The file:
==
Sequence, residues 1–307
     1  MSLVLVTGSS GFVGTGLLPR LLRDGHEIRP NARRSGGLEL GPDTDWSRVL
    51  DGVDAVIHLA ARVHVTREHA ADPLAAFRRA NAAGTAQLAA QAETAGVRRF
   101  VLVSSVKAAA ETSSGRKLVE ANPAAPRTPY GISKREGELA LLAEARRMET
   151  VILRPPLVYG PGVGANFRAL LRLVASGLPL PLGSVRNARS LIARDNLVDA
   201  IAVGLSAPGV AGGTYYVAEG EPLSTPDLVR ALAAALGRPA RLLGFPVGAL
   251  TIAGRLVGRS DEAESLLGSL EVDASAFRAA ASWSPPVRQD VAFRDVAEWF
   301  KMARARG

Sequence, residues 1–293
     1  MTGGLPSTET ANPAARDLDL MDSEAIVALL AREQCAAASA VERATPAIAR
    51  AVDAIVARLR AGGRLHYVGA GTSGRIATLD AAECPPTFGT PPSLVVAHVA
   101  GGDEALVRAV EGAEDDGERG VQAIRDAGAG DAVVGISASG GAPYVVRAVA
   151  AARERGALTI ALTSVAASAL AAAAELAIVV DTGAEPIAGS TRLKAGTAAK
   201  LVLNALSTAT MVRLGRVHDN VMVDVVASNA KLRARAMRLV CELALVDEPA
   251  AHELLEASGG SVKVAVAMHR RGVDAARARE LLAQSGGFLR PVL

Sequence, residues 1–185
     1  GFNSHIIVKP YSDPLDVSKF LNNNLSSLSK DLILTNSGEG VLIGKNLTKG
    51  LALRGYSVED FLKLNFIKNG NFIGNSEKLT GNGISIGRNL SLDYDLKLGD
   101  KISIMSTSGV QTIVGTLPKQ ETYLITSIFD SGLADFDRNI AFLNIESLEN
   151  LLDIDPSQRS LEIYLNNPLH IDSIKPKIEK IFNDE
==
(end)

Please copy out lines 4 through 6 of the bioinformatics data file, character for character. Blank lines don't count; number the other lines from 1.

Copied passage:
   101  VLVSSVKAAA ETSSGRKLVE ANPAAPRTPY GISKREGELA LLAEARRMET
   151  VILRPPLVYG PGVGANFRAL LRLVASGLPL PLGSVRNARS LIARDNLVDA
   201  IAVGLSAPGV AGGTYYVAEG EPLSTPDLVR ALAAALGRPA RLLGFPVGAL